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Paparaju Veeraraghavayya Vs. Kilaru Kamala Devi and ors. - Court Judgment

LegalCrystal Citation
SubjectProperty;Civil
CourtChennai
Decided On
Reported inAIR1935Mad193; 157Ind.Cas.1104; (1935)68MLJ67
AppellantPaparaju Veeraraghavayya
RespondentKilaru Kamala Devi and ors.
Cases ReferredVenkata Reddi v. Yellappa Chetty
Excerpt:
.....'interest' is used in a wider sense -for, that rule provides inter alia that the property shall be released from attachment if the court is satisfied that though it was in the possession of the judgment-debtor, he held it not on his own account but in trust for some other person (order 21, rule 60). a party in whose favour there is a contract of sale, can enforce specific performance of that contract as stated above against a transferee with notice. 8. what was and could be attached by the creditor, was the right, title and interest of his debtor at the date of the attachment and that right as to the unpaid balance of the purchase-money, and the attachment therefore holds good to the extent of that balance......second order is, in my opinion, clearly wrong and must be set aside.5. under section 40 of the transfer of property act (as amended by act of 1929) a purchaser under a contract of sale of land is entitled to the benefit of an obligation arising out of that contract and it provides that that obligation may be enforced inter alia against a transferee with notice. section 91 of the trusts act recognises this principle and declares that a transferee with notice of an existing contract, of which specific performance can be enforced, must hold the property for the benefit of the party to the contract, to the extent necessary to give effect to it. thus it will be seen that a purchaser under a contract of sale of land possesses a well defined right, which though not amounting to an interest.....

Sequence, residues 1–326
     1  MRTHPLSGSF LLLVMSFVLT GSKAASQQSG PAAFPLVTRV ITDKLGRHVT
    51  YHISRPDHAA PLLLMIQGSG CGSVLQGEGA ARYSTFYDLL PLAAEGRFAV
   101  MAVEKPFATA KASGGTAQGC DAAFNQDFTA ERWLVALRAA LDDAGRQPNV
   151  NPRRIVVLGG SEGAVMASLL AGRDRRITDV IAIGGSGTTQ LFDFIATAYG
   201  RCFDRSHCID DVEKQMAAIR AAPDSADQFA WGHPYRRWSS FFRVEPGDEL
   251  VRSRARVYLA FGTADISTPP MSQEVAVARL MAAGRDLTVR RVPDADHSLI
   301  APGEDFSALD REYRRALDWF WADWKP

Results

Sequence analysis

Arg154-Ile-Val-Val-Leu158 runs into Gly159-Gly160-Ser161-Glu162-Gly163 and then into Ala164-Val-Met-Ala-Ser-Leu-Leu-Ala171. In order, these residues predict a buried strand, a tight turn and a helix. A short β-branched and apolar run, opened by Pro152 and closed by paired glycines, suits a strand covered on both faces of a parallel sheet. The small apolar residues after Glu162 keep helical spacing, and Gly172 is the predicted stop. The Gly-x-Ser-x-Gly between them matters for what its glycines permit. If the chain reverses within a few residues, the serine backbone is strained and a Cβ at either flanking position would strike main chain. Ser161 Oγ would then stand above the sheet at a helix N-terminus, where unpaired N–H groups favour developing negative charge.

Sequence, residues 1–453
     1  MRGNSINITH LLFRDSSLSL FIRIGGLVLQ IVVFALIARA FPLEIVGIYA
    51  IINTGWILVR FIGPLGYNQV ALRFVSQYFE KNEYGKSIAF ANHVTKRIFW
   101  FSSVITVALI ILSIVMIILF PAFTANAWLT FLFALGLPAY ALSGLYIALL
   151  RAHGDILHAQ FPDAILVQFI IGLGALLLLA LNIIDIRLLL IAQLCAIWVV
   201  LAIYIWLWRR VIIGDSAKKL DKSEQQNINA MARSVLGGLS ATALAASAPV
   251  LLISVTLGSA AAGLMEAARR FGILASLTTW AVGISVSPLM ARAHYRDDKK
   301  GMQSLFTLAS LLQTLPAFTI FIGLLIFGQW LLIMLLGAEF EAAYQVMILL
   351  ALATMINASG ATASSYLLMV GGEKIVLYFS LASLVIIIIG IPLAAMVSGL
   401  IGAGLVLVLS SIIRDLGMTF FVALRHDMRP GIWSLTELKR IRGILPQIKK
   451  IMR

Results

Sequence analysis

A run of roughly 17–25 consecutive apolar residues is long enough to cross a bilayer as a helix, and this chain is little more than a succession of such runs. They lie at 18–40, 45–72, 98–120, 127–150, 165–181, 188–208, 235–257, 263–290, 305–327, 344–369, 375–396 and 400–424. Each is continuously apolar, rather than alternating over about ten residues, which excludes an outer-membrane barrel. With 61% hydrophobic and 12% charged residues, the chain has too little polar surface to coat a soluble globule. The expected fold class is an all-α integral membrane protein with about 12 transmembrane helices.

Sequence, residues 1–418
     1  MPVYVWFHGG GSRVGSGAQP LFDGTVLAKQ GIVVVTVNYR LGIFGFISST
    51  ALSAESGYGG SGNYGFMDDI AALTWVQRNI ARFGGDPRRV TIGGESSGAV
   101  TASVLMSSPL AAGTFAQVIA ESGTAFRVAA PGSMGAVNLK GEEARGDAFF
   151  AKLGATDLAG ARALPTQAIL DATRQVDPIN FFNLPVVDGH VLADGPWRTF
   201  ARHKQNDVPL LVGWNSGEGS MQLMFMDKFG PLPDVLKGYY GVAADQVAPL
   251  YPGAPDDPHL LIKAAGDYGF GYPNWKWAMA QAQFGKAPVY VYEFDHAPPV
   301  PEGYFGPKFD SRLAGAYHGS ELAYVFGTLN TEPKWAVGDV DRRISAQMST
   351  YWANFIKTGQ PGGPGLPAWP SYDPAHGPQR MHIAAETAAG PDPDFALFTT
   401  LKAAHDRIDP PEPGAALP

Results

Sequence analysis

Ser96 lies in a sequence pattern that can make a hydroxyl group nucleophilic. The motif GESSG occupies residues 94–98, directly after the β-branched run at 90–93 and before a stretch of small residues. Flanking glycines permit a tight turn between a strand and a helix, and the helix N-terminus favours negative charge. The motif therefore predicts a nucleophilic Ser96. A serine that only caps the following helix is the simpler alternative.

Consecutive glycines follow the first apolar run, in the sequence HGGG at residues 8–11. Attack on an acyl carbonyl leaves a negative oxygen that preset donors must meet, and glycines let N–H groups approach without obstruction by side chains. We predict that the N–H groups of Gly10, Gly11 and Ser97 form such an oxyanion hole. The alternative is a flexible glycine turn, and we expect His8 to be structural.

Judgment:

Venkatasubba Rao, J.

1. The question that is raised may be stated thus: The purchase was subsequent to the attachment but the agreement in pursuance of which the purchase was made, was prior to the attachment. Does the purchase prevail or not against the attachment?

2. The suit in question was filed on the 22nd April, 1933, the application for attachment before judgment was made on the 22nd June, the attachment was ordered on the 24th June and effected on the 13th July. On the 20th June, that is, two days prior to the application for attachment, the defendants executed an agreement in favour of the petitioner agreeing to sell him the property. Relying on this agreement, the petitioner put in a claim petition on the 22nd August and the District Munsif, finding the agreement proved, made the following order on 17th October, 1933:

Attachment will continue subject to the rights of the petitioner under the agreement, elated 20th June, 1933.